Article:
’O no, that I sha’n’t!  There’s Charl Woollat, and Sammy Scribben, and Ted Gibsey, and lots o’ young chaps; they’ll wring anything for me if they happen to come along.  But I can hardly trust ’em.  Sam Scribben t’other day twisted a linen tablecloth into two pieces, for all the world as if it had been a pipe-light.  They never know when to stop in their wringing.’

The voice truly was his Avice’s; but Avice the Second was clearly more matter-of-fact, unreflecting, less cultivated than her mother had been.  This Avice would never recite poetry from any platform, local or other, with enthusiastic appreciation of its fire.  There was a disappointment in his recognition of this; yet she touched him as few had done:  he could not bear to go away.  ‘How old are you?’ he asked.

‘Going in nineteen.’

It was about the age of her double, Avice the First, when he and she had strolled together over the cliffs during the engagement.  But he was now forty, if a day.  She before him was an uneducated laundress, and he was a sculptor and a Royal Academician, with a fortune and a reputation.  Yet why was it an unpleasant sensation to him just then to recollect that he was two score?

HHe could find no further excuse for remaining, and having still half-an-hour to spare he went round by the road to the other or west side of the last-century ‘Sylvania Castle,’ and came to the furthest house out there on the cliff.  It was his early home.  Used in the summer as a lodging-house for visitors, it now stood empty and silent, the evening wind swaying the euonymus and tamarisk boughs in the front-the only evergreen shrubs that could weather the whipping salt gales which sped past the walls.  Opposite the house, far out at sea, the familiar lightship winked from the sandbank, and all at once there came to him a wild wish-that, instead of having an artist’s reputation, he could be living here an illiterate and unknown man, wooing, and in a fair way of winning, the pretty laundress in the cottage hard by.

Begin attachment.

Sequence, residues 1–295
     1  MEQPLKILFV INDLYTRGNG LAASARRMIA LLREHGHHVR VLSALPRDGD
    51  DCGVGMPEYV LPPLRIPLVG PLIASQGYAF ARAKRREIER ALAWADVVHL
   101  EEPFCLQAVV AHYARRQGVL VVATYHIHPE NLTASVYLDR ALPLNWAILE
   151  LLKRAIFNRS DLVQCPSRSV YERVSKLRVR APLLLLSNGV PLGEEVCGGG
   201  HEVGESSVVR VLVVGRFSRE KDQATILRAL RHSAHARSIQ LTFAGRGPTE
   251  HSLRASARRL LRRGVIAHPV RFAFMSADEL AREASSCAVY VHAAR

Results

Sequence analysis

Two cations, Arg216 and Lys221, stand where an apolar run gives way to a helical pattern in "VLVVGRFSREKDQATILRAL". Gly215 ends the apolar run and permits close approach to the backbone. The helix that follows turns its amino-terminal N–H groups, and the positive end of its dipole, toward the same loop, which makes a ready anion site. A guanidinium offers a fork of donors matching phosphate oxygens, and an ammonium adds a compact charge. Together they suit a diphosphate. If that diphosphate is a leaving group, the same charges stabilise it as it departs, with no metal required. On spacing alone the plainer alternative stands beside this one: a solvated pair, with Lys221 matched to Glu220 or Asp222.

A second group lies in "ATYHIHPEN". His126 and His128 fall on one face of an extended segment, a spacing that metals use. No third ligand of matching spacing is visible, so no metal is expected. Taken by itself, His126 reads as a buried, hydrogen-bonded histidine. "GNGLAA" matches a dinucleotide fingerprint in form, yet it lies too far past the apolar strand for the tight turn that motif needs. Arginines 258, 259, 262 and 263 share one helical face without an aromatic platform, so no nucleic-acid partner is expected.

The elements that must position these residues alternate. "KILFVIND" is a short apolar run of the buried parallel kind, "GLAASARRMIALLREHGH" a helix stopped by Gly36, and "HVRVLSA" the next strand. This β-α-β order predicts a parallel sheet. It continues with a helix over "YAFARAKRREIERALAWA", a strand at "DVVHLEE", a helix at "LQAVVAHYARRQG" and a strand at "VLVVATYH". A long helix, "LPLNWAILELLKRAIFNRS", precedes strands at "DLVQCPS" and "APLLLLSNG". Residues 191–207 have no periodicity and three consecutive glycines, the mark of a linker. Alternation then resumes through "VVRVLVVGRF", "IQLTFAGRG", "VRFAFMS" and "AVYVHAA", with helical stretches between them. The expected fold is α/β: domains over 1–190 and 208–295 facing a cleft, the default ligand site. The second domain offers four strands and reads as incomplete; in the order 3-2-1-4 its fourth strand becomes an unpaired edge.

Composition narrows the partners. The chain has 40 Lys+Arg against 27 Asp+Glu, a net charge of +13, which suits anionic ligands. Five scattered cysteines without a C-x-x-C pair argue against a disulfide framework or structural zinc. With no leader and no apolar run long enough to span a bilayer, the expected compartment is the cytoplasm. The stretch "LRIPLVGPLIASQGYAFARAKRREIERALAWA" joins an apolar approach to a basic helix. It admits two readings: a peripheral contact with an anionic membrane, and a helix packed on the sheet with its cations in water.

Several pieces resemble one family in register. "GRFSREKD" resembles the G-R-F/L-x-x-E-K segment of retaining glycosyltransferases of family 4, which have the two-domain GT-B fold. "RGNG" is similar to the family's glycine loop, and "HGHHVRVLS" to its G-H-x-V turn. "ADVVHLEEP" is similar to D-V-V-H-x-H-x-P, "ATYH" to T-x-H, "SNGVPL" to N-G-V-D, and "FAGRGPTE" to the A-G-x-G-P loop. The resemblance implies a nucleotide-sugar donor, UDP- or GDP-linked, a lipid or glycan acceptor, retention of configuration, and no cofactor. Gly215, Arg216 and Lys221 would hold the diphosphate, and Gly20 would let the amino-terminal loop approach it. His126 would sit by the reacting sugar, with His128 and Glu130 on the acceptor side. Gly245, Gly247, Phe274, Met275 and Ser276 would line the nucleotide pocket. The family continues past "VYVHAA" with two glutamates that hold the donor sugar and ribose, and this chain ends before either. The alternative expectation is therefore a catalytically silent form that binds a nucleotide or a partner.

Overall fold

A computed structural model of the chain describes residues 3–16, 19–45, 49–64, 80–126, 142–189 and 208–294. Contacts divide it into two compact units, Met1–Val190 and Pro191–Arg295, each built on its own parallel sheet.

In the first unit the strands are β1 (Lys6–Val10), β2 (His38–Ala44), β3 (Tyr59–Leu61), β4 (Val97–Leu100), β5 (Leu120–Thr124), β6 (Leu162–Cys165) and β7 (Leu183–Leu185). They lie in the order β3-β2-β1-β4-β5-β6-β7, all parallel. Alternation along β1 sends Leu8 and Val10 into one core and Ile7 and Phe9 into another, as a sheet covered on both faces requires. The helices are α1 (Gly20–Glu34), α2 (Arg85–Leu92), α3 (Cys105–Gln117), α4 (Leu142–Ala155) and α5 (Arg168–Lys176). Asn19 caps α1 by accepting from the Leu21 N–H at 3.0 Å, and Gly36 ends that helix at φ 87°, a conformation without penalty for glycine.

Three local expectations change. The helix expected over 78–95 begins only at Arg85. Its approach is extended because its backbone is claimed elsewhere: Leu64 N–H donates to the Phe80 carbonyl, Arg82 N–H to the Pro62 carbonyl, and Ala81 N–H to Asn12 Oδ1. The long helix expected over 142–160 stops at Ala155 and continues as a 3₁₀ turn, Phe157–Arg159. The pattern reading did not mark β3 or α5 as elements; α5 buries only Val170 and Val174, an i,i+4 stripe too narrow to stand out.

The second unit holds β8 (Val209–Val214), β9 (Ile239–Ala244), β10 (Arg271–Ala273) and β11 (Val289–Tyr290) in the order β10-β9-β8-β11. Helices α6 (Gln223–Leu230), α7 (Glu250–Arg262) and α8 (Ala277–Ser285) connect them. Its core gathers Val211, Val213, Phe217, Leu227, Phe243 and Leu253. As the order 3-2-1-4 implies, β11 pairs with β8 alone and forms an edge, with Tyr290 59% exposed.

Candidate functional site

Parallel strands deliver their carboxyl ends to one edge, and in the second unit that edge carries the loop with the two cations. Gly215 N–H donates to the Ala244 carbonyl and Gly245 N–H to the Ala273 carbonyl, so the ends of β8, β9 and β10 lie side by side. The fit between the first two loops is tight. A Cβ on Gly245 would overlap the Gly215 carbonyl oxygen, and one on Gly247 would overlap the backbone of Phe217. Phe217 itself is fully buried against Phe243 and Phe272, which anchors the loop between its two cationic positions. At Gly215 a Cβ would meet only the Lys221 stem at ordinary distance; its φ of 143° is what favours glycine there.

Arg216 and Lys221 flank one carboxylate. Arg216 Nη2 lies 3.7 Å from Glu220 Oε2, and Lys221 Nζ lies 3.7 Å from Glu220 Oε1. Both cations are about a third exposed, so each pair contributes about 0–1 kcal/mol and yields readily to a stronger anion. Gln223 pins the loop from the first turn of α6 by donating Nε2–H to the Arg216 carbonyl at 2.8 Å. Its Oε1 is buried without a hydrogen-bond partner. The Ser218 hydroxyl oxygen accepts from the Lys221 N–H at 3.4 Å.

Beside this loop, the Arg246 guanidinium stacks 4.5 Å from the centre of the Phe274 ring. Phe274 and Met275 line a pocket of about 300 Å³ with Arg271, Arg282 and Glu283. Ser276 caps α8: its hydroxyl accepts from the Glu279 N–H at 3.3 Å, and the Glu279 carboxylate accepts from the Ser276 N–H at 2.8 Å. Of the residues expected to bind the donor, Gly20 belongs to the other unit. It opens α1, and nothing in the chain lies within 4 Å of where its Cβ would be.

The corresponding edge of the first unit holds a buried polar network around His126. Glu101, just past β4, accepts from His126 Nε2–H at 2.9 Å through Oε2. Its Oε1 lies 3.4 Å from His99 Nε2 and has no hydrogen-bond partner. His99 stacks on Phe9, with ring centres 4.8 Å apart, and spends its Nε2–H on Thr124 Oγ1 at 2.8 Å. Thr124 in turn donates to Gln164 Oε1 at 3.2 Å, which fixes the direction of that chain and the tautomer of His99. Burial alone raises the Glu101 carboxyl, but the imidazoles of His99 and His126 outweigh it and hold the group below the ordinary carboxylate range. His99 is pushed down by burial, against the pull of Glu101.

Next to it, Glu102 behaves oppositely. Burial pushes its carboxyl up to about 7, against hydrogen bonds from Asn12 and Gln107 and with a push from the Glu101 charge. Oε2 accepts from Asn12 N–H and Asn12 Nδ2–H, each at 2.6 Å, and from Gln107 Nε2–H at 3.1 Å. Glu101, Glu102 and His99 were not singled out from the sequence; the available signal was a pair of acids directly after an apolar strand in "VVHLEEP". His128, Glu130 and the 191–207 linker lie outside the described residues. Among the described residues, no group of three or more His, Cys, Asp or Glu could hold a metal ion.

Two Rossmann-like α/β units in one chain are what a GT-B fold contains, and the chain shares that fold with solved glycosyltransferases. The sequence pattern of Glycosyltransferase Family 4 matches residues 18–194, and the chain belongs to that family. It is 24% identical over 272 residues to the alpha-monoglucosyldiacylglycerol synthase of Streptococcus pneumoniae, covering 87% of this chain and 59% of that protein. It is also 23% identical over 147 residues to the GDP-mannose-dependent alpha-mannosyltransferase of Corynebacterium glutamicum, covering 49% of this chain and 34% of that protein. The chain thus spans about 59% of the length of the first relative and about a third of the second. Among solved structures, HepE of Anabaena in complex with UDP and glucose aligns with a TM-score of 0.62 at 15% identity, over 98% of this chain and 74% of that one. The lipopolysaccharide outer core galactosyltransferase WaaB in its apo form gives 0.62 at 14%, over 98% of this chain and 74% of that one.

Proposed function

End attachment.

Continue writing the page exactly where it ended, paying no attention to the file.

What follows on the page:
CHAPTER V - The resumption Takes place

Having returned to London he mechanically resumed his customary life; but he was not really living there.  The phantom of Avice, now grown to be warm flesh and blood, held his mind afar.  He thought of nothing but the isle, and Avice the Second dwelling therein-inhaling its salt breath, stroked by its singing rains and by the haunted atmosphere of Roman Venus about and around the site of her perished temple there.  The very defects in the country girl became charms as viewed from town.

Nothing now pleased him so much as to spend that portion of the afternoon which he devoted to out-door exercise, in haunting the purlieus of the wharves along the Thames, where the stone of his native rock was unshipped from the coasting-craft that had brought it thither.  He would pass inside the great gates of these landing-places on the right or left bank, contemplate the white cubes and oblongs, imbibe their associations, call up the genius loci whence they came, and almost forget that he was in London./p>

One afternoon he was walking away from the mud-splashed entrance to one of the wharves, when his attention was drawn to a female form on the opposite side of the way, going towards the spot he had just left.  She was somewhat small, slight, and graceful; her attire alone would have been enough to attract him, being simple and countrified to picturesqueness; but he was more than attracted by her strong resemblance to Avice Caro the younger-Ann Avice, as she had said she was called.

Before she had receded a hundred yards he felt certain that it was Avice indeed; and his unifying mood of the afternoon was now so intense that the lost and the found Avice seemed essentially the same person.  Their external likeness to each other-probably owing to the cousinship between the elder and her husband-went far to nourish the fantasy.  He hastily turned, and rediscovered the girl among the pedestrians.  She kept on her way to the wharf, where, looking inquiringly around her for a few seconds, with the manner of one unaccustomed to the locality, she opened the gate and disappeared.